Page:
‘All for a piece of clothing’: school puts trans boy through the wringer
Human rights commission steps in to help mom take on the school governing body
The SA Human Rights Commission (SAHRC) will be escorting a transgender pupil to his school a week after it reopens following the governing body’s refusal to grant him permission to wear a boys’ uniform.
SAHRC commissioner Chris Nissen confirmed to Sunday Times Daily he would accompany the grade 11 pupil to Strand High School in the Western Cape after he was forced to wear a pair of green trousers as part of the girls’ uniform.
The move comes in the wake of an open letter that was e-mailed to Western Cape education MEC Debbie Schäfer on July 9 about the continued discrimination against LGBTQI+ pupils in public and private schools in the province.
Some of the 26 signatories to the document included the Triangle Project, Legal Resources Centre, Sexual & Reproductive Justice Coalition, Out, Matimba, Gender Dynamix and Women’s Legal Centre.
Western Cape education department spokesperson Bronagh Hammond confirmed the school governing body refused to allow the pupil to wear the tracksuit pants worn by the male pupils.
“This is in line with current uniform policies. The WCED is continuing to engage with the school,” she said.
But Nissen said Strand High School would have to tell him what law the pupil was breaking and that “if anybody obstructs us, we can call the police”.
“Why would you disagree with somebody’s [gender identity]? You want to stigmatise that person by putting them in a uniform so that person stands out and becomes the object of mockery.”
Said Nissen: “When you label people physically you are doing nothing else than what the Nazis did during the WWII when they put yellow for the Jews.
“Every law, bylaw or regulation is subject to the constitution of this country. The school’s policies must adapt to the needs of the people.”
The 16-year-old pupil’s mother was adamant she would not be allowing her son to return to school wearing the green trousers.
“There’s no way I’m doing that; he’s going with a boys’ uniform.”
He will return to school on August 2 instead of July 26 when schools reopen because he could not write his June exams, as he had been admitted to a clinic for depression and anxiety.
He will be writing his June exams from August 2.
His mother said she asked the school at the beginning of the year for permission to allow her son to wear boys’ uniform, adding: “They said he couldn’t wear the boys’ uniform because of the school policy and because someone else may also come with a similar request.”
The school had agreed to call him by his new name and to allow him to use the female teachers’ bathroom.
“The governing body came back with the alternative saying he can wear the green pants instead of a dress. Because of the colour of the pants, it stood out more. The boys wore the grey pants. He is being bullied about that by some girls and the boys say he is not a real boy.”
The woman said they had to alter the trousers because they had a very feminine look but her son was forced to use them to school because he had missed out on a lot of schoolwork.
More than 12,600 respondents agreed the boy should be allowed to wear his uniform of choice, according to an online petition that had been set up.
According to the mother, the governing body had indicated to her in a recent e-mail that a task team was drawing up a policy and that the original decision would stand until the policy was approved.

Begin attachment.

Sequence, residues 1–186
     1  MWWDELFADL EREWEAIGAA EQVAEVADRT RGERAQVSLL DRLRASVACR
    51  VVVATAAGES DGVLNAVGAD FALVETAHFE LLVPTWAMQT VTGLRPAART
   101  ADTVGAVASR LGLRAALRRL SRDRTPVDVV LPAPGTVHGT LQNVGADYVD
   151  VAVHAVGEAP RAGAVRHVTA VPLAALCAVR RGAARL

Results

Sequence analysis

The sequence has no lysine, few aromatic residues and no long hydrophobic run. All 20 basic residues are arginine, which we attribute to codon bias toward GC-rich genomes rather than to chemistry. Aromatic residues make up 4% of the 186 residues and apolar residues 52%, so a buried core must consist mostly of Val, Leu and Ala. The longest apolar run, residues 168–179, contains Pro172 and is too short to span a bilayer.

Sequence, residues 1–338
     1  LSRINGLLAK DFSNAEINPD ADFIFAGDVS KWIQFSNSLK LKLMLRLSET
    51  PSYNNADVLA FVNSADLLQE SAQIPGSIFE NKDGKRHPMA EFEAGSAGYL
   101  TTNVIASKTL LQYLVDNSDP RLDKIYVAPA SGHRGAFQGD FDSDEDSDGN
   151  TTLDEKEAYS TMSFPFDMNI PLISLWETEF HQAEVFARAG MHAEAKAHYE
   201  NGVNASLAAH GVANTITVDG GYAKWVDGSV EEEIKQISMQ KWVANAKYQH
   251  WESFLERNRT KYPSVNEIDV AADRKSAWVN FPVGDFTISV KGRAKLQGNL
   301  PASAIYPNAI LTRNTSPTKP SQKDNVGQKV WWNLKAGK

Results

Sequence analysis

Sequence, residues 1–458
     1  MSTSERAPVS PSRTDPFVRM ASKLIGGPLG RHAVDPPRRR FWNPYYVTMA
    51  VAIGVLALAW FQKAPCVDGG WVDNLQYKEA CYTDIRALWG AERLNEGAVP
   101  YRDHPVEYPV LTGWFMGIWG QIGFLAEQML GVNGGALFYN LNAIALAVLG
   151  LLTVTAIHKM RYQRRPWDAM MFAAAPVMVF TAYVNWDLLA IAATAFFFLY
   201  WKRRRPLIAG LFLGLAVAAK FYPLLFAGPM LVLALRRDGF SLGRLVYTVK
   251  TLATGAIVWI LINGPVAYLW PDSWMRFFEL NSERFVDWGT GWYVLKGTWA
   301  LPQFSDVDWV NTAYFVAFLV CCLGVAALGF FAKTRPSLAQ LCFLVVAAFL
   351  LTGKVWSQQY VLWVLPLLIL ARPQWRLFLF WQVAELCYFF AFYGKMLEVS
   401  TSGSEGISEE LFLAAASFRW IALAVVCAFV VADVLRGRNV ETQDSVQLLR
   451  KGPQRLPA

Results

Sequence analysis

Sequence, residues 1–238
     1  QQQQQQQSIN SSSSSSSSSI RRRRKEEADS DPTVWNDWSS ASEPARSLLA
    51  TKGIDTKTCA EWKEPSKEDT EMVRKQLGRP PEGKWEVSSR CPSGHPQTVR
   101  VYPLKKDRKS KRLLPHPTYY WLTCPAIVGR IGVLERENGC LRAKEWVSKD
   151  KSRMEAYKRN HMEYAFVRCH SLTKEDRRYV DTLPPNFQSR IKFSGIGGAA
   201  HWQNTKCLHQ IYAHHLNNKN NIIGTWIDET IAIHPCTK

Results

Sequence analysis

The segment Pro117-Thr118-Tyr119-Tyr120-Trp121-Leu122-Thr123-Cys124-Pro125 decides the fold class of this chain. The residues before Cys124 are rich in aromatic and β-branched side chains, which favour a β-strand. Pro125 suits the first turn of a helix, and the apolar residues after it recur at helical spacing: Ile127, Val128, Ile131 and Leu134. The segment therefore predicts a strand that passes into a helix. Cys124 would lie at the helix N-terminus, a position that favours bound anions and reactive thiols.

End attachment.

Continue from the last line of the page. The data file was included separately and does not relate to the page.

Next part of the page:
“I am very upset. This is all happening because of a piece of clothing.”
I am very upset. This is all happening because of a piece of clothing.Mother
Meanwhile, the open letter from the group stated there were increasing reports of victimisation of and discrimination against pupils based on their sexual orientation, gender identity, gender expression and/or sex characteristics.
“These schools are violating the human rights of pupils, undermining their wellbeing and obstructing their education. LGBTQI+ pupils are experiencing many forms of bullying, harassment, abuse, discrimination and systemic violence in schools.”
The signatories have called on the department to urgently finalise an inclusive Sexual Orientation, Gender Identity, Gender Expression and/or Sex Characteristics (SOGIESC) policy that is binding on all schools in the province and which will hold them accountable for violations.
They also called on the department to:
- investigate immediately the experiences of LGBTQI+ pupils at the schools that have been identified and take disciplinary measures against those implicated in bullying, victimisation and discrimination;
- end discriminatory and exclusionary practices at these schools and put in place inclusive and affirming practices at these institutions;
- take measures to provide redress for harm done to LGBTQI+ pupils in these schools;
- implement SOGIESC sensitisation training at the relevant schools to be attended by pupils, teachers and other staff; and
- do a follow-up investigation of the experiences of LGBQTI+ individuals at these schools in due course and publish the findings.
The department was given until July 23 to respond.
Hammond said the department had received the letter and was drafting a response.
She said the guidelines on gender identity and sexual orientation in public schools in the Western Cape were expected to be released in the third school term starting next Monday.
The department received 317 responses to the draft guidelines gazetted in March last year.
“No other guideline or policy exists that addresses gender identity and sexual orientation in public schools in SA.”
She said some governing bodies had addressed the issue through their diversity/inclusivity policies.
“However, as a department we need to assist all schools in creating a more inclusive environment for all pupils, regardless of gender identity, gender expression and sexual orientation.”
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